They do make a good point that it's hard for this to be done publicly where people who do not really understand will see it in the wrong light (possibly thinking Buddhist teachers and practitioners to be petty arguers), but I think we can do it in a way that is still respectful and mindful. To bitch about it in an article is tabloid level stuff though, and unprofessional as well as not particularly mindful.

That said, I read your blog not because you're some brilliant teacher (though you may be), but because you're a fellow struggler in this world. I don't always agree with your ideas, but I do always appreciate the perspective and ideas involved. You're a good, mindful person. It's not a magazine's job to decide otherwise.

Lawrence Nosan Grecco said...

I support you and your blog 100% Jaes. I saw that article in Tricycle and thought it was a poor excuse for journalism. I'm much more impressed by what I read from you and the many other fine Buddhist bloggers.

Jayarava said...

Hi James

It's weird. When I read the Tricycle article and sent you an email about it, I was under the impression that the intention was not to criticise you, but to show the kind of shit that we often get in comments from people like Twisted Branch. I thought that by showing how you responded to the flame, you came off looking like a sensible person who wasn't going to take that shit. Perhaps I got the wrong end of the stick?

I'm a bit surprised that Tricycle would quote you without asking permission - that seems very impolite. You should be paid for things like that.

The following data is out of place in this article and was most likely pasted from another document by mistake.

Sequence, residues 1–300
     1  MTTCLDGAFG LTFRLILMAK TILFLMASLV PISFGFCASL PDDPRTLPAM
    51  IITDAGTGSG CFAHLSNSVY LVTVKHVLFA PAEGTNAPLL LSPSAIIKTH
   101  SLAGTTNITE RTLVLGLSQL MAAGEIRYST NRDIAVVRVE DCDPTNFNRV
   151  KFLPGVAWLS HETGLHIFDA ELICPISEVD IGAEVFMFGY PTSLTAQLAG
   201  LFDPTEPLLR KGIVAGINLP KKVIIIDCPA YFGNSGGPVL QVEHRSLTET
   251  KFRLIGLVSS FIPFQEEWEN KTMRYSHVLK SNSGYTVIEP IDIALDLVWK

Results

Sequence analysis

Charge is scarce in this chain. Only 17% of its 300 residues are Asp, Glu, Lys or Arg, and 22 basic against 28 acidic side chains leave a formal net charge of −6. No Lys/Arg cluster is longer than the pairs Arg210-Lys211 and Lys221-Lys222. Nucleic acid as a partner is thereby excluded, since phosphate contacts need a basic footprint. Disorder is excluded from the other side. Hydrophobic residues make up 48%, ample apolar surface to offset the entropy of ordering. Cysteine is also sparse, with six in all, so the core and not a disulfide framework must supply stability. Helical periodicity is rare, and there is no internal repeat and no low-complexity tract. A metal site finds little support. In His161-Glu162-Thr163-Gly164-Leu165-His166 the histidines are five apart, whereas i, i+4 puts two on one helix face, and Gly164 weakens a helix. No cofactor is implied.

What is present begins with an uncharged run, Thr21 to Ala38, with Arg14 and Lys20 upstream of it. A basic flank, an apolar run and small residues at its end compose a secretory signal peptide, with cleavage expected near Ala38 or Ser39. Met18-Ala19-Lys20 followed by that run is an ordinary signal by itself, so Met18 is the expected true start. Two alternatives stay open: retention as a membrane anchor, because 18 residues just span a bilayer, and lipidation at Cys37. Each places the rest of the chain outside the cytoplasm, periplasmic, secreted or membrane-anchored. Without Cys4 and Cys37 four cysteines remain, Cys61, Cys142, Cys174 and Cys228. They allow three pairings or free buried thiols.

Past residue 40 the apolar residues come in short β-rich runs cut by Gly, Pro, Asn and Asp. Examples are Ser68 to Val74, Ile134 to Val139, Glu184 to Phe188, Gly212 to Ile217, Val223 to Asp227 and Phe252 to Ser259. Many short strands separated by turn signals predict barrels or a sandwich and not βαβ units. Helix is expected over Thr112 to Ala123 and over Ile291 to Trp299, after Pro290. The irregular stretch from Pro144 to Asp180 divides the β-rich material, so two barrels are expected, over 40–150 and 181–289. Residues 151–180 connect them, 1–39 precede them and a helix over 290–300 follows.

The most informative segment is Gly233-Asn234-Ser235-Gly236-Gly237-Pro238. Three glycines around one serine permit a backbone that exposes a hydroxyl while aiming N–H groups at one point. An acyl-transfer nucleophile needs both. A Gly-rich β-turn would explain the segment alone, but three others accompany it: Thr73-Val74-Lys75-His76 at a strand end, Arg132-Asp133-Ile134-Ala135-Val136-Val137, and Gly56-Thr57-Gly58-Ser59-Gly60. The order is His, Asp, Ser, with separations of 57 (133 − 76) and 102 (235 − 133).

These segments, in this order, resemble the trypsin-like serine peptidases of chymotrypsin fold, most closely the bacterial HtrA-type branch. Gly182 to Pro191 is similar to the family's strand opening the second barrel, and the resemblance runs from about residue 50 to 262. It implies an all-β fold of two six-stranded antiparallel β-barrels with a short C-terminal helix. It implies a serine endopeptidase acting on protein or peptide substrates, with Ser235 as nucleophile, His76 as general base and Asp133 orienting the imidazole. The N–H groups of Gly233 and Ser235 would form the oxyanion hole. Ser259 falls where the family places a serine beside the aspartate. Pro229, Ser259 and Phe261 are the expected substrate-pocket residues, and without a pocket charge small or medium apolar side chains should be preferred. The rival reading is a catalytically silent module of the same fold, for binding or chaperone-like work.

There are plenty of serious Buddhist blogs, and serious Buddhist bloggers who can't or won't find a voice in more mainstream media which relies on selling advertising to stay in business. And after all a popular magazine is hardly a peer reviewed Journal now is it!

As you say there is no great need to proselytise since people are beating down the doors of Buddhist centres the world over clamouring for what we have to offer.

Jayarava

Shinzen Nelson said...

I just got around to this post...it confirms my reasons for no longer purchasing certain magazines.

Keep on blogging James.

Perri said...

Dude, I feel ya. I would have responded the exact same way you did.

Nathan said...

James, I wrote Tricycle an e-mail. The text is on my current blog post. I'll be interested to see their response.

Nathan

Was Once said...

From my old ad days..there is no such thing as bad P.R. ..Rock on, James!

Mumon said...

Tom Armstrong! Good to see you!

Tricycle has gotten long in the tooth; I remember the days when it published interesting stuff on Buddhism...of course that was just before the internets took off.

It is sad that Tricycle has no grasping of the diversity of the Buddhist blogosphere, and in their own microcosmic way imitate the attitude of major media outlets to political blogs.

In short, they seem still frustrated that they can't coopt us, but in a magazine that never actually explored, for example, the Genpo Roshi controversy, it comes across as hypocritical to criticize bloggers who do call Ven. Genpo Merzel to account - especially given that Tricycle once published work by Brian Victoria about Yasutani's antisemitism.

Decline. Sigh.

They call him James Ure said...

Zen Dirt Zen Dust:

Yeah I really wish they would have given me the common courtesy to let me know I was being quoted.

James:

It wasn't a very well written article. It just seemed like a hit piece than an expose or whatever it was supposed to be.

Nathan:

Thanks!!

Tiny Thinker:

Perhaps he wasn't attacking me or misrepresenting me but the way it was constructed made it sound like I was being lumped in with Twisted Branch. Just for defending myself.

Karmic: